Date of Award

Spring 1-1-2012

Document Type

Thesis

Degree Name

Master of Science (MS)

Department

Computer Science

First Advisor

Kenneth Anderson

Second Advisor

Leysia Palen

Third Advisor

James Martin

Abstract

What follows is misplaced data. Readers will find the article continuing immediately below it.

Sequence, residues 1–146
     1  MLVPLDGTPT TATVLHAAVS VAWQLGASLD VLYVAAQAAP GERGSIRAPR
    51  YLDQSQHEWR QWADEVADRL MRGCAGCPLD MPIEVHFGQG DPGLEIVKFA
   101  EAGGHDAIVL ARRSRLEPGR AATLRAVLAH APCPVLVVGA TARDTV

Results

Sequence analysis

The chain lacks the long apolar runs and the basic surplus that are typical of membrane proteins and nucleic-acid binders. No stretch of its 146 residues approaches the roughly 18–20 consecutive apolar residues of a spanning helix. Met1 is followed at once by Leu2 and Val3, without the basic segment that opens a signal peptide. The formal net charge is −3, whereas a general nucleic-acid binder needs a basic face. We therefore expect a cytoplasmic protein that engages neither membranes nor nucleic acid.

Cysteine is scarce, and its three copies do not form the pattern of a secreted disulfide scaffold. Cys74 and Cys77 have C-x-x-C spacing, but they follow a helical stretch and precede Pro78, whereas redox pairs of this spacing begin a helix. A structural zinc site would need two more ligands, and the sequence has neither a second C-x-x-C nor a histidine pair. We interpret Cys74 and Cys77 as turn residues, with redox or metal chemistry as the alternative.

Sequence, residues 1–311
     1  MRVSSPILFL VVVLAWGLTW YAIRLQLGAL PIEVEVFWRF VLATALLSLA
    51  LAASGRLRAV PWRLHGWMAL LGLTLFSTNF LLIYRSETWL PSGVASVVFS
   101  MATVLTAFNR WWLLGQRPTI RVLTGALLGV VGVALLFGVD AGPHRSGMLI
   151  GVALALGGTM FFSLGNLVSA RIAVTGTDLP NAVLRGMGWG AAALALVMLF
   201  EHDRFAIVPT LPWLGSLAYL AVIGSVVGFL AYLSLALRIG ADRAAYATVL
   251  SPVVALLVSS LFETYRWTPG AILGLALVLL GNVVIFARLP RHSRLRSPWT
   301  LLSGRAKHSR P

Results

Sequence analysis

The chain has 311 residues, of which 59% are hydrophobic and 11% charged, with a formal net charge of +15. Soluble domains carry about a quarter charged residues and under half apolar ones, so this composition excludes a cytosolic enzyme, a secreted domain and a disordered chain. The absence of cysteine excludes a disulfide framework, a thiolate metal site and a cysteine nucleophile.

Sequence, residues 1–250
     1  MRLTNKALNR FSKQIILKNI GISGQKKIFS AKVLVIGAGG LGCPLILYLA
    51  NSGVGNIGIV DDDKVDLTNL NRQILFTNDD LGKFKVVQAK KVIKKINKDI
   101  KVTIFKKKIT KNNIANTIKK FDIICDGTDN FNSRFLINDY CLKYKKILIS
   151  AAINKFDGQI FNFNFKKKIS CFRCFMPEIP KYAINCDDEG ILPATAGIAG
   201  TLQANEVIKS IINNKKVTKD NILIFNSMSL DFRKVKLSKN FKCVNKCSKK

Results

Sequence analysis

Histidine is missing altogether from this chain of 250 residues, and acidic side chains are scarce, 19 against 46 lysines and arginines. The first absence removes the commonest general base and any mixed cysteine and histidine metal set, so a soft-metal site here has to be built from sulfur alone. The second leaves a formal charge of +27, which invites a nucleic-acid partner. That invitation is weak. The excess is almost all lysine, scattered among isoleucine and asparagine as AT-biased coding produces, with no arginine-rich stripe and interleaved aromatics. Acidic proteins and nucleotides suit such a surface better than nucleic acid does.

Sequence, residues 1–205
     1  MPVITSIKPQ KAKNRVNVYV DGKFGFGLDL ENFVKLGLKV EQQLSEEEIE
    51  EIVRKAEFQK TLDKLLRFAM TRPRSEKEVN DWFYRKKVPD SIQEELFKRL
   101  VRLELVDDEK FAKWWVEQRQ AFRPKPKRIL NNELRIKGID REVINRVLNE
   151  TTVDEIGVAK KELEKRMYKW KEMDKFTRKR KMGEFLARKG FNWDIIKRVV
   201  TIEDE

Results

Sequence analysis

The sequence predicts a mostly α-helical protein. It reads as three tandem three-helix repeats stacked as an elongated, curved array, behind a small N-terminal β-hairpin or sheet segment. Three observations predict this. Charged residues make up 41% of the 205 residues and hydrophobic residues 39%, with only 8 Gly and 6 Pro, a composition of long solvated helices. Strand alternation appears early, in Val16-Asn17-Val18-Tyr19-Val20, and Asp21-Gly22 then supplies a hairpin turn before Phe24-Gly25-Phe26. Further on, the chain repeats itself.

The field of crisis informatics is expanding, in large part because emergency response has become increasingly focused on and affected by social media. Correspondingly, social media datasets collected from disaster events continue to become larger and more intractable. Emergency response events can generate data sets with millions of entries; sifting through the data by hand is no longer feasible. Instead, crisis informatics researchers require software that allows them to perform statistical analysis and filtering operations to reduce data sets to more manageable sizes. This thesis presents an analysis of what software is best for crisis informatics analysts, beginning with the initial process of determining the necessary tools and services, the subsequent implementation, and finally a usability study.

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